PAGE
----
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Food & Hunger

You Can Get 5KGs of 'Ugly' Fruit & Veg for £1.50 at Selected Lidl Stores


Why Global Citizens Should Care
The UN’s Global Goals specifically call for global food waste to be halved by 2030. It’s absurd that so much food is still being wasted globally while people are suffering from hunger and malnutrition. Supermarkets play a key part in cutting waste out of the supply chain, both in the UK and globally. You can join us by taking action against food waste here

Budget supermarket Lidl has launched a trial of a new scheme to help rescue fruit and vegetables that are just a bit “wonky” from the rubbish bin. 

From 8 a.m. to 10 a.m., shoppers at 122 stores across the UK will be able to buy 5kg boxes of produce that’s slightly damaged or imperfect, but that’s still “perfectly good to eat,” according to the store. 

And the boxes will cost just £1.50 — so it should help save shoppers some money, too. 

Take action: Tweet Starbucks Asking Them to Donate 100% of Unused Food to Charity in the UK

From 10 a.m., any of the boxes that haven’t been sold will be donated to charity, according to Lidl’s announcement

It’s all part of a trial of the “Too Good to Waste” scheme, which aims to reduce the amount of food waste generated by supermarkets. 

“We know from our data that fresh produce is one of the biggest contributors to food waste in stores, so we’re excited by the difference our initiative will make,” said Lidl’s chief executive Christian Hartnagel in a statement. 

“Not only will it help customers consider items that they might have previously dismissed, it will also provide an opportunity for them to make further savings,” he added. 

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Shoppers also can’t choose what’s inside their boxes, so it could also help encourage people to experiment with new fruits and vegetables when they’re in season.

Lidl reckons that a nationwide rollout of “Too Good to Waste” could help save 10,000 tonnes of surplus produce every year. 

The supermarket has pledged to cut food waste per store by 25% by 2020, and it claims to have already reduced the average food waste per store by 13.3%. The store has also committed to the UN Global Goal’s 12.3 target, which calls for a 50% reduction in global food waste by 2030.  

Other supermarkets around the UK have also already joined the efforts against food waste — with a definite focus on fruits and vegetables. 

Asda, for example, launched a £3.50 “wonky veg box” in 2016, and Tesco has a “perfectly imperfect” fruit and veg range. Morrisons also sells £3 boxes of fresh but “ugly” produce, and recently expanded the scheme to help reduce the waste of fresh-cut flowers. 

Cutting the amount of fresh produce that’s going to waste around the world is a really important step in tackling the problems in the global food chain. 

Globally, around one-third of the food produced for human consumption — around 1.3 billion tonnes — is lost or wasted, according to the United Nations' Food and Agricultural Organisation (FAO). The waste amounts to around $680 billion in industrialised countries, and $310 billion in developing countries.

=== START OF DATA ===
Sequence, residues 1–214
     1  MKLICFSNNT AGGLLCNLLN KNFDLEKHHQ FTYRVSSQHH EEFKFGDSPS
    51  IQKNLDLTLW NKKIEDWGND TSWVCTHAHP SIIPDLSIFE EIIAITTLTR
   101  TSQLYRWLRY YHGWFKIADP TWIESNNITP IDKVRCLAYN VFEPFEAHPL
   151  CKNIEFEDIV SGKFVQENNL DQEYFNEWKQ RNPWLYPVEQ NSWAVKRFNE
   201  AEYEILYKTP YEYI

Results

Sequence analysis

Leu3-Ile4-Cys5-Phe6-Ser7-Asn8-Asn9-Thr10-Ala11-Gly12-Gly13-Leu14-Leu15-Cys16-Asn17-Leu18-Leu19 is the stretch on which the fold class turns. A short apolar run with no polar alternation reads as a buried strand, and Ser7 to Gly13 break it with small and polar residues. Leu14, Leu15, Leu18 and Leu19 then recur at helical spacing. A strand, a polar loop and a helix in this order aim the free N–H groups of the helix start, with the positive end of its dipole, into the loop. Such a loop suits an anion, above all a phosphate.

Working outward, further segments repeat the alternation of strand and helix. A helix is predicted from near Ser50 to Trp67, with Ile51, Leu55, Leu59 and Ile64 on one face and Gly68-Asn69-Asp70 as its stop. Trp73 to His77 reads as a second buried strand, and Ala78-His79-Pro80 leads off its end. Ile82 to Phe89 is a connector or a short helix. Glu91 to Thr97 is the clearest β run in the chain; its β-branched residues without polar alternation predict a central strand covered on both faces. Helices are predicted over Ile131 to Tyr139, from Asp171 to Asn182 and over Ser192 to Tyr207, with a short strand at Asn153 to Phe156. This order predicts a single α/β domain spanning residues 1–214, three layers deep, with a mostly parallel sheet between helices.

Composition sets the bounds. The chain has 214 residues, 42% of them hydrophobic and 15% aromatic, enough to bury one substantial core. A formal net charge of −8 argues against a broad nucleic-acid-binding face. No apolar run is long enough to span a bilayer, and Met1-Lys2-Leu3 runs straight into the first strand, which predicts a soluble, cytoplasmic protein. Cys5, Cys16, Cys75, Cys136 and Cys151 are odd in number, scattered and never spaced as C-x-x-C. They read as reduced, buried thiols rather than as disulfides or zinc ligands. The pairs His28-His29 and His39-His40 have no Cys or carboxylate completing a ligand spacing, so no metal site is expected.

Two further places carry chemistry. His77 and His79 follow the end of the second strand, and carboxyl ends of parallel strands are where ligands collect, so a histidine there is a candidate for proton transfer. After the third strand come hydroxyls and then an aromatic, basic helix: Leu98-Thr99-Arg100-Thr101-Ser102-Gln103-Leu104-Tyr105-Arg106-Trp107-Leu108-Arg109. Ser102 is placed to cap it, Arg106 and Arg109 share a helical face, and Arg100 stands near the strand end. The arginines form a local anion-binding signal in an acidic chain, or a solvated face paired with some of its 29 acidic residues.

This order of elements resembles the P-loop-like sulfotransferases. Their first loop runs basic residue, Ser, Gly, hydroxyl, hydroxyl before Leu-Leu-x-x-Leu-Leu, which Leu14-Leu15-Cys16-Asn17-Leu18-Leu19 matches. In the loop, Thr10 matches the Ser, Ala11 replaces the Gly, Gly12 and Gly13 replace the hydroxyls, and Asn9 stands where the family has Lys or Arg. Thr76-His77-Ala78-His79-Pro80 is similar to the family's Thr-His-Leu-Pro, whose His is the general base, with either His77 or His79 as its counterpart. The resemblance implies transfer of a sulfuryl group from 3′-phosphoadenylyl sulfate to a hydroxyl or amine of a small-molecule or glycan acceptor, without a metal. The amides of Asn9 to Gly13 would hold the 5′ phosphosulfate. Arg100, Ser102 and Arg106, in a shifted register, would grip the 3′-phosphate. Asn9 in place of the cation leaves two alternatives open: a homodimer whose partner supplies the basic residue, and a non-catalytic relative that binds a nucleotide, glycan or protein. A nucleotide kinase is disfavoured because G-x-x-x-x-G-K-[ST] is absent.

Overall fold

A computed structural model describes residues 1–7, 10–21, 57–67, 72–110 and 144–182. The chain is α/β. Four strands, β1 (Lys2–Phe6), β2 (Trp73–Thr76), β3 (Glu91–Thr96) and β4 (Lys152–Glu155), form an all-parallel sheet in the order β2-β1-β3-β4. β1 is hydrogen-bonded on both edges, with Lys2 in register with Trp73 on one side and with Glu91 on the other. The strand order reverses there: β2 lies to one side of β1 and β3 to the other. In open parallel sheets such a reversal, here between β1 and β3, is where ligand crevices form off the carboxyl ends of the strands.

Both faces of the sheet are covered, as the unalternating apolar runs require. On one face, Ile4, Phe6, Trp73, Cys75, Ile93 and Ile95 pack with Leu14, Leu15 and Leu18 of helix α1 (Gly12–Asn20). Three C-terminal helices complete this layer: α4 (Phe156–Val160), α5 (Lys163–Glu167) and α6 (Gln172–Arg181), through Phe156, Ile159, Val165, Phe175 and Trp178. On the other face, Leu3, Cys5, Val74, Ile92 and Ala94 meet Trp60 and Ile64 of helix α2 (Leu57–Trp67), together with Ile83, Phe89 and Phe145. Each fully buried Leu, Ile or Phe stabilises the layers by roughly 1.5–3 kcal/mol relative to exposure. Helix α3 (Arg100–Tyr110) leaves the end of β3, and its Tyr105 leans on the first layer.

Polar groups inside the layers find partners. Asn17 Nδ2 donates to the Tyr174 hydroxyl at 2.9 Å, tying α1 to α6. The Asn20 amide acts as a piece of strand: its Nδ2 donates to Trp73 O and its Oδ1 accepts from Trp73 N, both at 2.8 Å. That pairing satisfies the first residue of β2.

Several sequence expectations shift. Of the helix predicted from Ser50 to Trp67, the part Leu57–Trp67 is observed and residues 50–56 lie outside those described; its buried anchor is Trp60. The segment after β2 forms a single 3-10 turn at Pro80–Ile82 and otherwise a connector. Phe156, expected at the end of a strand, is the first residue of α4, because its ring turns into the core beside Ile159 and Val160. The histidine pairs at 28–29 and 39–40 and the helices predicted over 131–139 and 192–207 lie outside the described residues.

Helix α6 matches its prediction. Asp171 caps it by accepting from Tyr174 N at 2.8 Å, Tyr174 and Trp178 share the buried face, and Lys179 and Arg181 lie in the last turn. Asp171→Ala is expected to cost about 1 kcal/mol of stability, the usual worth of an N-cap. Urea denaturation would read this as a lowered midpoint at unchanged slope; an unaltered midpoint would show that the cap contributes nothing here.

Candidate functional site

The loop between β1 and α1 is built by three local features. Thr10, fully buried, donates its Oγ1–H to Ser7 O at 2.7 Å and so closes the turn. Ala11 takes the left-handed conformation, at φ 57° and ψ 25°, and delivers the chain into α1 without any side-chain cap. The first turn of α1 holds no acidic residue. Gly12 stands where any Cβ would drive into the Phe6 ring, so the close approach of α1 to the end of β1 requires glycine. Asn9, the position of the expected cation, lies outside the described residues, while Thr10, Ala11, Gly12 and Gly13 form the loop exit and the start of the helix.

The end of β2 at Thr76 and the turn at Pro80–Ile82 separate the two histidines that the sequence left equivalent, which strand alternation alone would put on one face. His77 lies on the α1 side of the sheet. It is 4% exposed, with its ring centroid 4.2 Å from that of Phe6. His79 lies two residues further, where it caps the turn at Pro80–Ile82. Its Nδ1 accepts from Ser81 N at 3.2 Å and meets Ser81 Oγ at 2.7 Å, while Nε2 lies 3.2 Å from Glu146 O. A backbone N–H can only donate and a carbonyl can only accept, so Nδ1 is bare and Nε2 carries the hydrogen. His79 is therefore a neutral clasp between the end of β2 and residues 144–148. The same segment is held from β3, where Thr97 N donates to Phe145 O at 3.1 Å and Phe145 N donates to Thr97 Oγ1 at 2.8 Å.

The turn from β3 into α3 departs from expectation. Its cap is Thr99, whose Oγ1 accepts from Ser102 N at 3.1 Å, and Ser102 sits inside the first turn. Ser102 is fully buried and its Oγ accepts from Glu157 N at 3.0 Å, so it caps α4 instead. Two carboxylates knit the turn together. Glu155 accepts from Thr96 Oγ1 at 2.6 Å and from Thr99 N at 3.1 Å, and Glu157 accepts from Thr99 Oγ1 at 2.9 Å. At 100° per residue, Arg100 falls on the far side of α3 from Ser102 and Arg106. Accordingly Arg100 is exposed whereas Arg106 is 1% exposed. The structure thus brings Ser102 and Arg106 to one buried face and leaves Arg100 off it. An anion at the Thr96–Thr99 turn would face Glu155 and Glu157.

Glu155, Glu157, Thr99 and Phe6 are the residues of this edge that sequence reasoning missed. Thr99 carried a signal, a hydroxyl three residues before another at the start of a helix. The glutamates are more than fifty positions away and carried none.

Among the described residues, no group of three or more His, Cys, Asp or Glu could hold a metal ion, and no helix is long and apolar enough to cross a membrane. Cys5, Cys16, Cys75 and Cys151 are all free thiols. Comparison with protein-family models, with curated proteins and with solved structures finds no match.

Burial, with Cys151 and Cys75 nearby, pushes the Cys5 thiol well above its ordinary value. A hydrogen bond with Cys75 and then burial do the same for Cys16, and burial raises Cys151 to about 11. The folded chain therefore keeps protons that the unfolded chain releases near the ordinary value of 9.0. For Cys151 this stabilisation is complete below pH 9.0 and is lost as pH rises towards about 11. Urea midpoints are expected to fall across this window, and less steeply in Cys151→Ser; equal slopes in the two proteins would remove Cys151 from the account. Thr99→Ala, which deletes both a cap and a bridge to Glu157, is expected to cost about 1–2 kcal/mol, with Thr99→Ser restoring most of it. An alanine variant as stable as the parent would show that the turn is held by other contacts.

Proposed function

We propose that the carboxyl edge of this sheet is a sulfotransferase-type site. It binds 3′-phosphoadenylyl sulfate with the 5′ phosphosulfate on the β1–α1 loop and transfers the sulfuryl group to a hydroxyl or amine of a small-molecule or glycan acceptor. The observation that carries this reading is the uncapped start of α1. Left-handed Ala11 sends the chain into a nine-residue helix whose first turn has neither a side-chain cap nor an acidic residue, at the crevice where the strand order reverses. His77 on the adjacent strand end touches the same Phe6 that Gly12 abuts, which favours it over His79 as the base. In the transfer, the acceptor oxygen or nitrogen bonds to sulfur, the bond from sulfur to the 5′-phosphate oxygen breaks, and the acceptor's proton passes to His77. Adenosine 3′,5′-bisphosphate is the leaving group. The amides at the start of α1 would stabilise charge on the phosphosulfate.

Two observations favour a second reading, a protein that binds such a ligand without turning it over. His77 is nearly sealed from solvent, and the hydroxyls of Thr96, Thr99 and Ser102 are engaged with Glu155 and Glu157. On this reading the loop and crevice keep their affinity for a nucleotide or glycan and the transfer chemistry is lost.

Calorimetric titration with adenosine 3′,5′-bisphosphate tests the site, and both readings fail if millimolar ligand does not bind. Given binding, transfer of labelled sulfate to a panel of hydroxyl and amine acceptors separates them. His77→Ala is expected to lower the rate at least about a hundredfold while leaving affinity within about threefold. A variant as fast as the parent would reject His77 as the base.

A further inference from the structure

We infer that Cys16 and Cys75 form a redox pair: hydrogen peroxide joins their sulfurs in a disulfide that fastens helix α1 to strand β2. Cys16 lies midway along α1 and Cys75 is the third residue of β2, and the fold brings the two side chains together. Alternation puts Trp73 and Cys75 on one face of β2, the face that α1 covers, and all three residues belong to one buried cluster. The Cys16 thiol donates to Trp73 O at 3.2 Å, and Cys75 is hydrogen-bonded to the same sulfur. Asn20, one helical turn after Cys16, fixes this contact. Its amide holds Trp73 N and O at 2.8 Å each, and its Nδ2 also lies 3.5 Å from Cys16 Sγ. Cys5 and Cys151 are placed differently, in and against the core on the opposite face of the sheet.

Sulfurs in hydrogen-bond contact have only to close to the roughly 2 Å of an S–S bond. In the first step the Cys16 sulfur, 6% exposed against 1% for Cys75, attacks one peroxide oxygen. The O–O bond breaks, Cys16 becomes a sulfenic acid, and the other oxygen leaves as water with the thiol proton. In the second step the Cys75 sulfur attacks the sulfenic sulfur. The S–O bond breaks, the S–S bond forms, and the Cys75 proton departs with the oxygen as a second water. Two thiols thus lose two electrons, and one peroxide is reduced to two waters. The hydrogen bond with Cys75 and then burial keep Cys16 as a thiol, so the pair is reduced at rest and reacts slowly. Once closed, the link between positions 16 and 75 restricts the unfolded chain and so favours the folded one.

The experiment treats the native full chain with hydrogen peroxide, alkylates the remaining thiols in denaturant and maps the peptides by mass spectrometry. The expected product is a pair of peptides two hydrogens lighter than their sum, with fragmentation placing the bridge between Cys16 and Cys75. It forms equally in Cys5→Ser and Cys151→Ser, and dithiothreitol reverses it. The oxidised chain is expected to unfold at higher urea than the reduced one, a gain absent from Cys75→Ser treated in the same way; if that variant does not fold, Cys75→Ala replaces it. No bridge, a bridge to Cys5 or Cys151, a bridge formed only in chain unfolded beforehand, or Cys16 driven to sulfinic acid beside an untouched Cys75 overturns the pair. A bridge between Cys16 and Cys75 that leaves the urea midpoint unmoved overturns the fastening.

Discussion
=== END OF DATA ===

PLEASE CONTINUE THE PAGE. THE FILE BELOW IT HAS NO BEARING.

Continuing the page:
And, of all foods, fruits and vegetables — including roots and tubers — have the highest wastage rates. 

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According to the FAO, global quantitive food losses and waste annually are about 30% for cereals, up to 50% for root crops, fruits, and vegetables, 20% for oil seeds, meat, and dairy, and 35% for fish. 

Meanwhile, between 2015 and 2016, world hunger rose for the first year since 2000, according to a 2017 UN report. The number of chronically undernourished people rose from 777 million to 815 million in just one year. 

And in the UK alone, the average household throws away £700 worth of edible food every year, according to the government’s Waste and Resources Action Programme (WRAP) — while 1 in 8 people are going hungry. WRAP has also estimated that the food industry is responsible for around 10 million tonnes of food waste each year. 

And food and environmental group Feedback has said that supermarkets play a key role in this supply chain waste. The campaign group has highlighted four key ways that supermarkets help drive waste: 

  1. Cosmetic specifications — meaning that supermarkets generally will buy fresh produce only if it fits exact size, shape, and colour specifications. 
  2. Failure to market seasonal produce — certain weather conditions can lead to “gluts,” meaning that there’s a lot of a particular type of fruit or veg. When there’s a glut, however, if the items aren’t marketed properly, they don’t get sold and they end up going to waste.
  3. Cancelled or altered orders — a significant driver of waste is the difference between buyers’ forecasts and confirmed orders, including last-minute order cancellations. 
  4. Concentration of power among supermarkets — with power concentrated in leading supermarkets in the UK, there are fewer outlets for surplus produce, like traditional grocers and markets.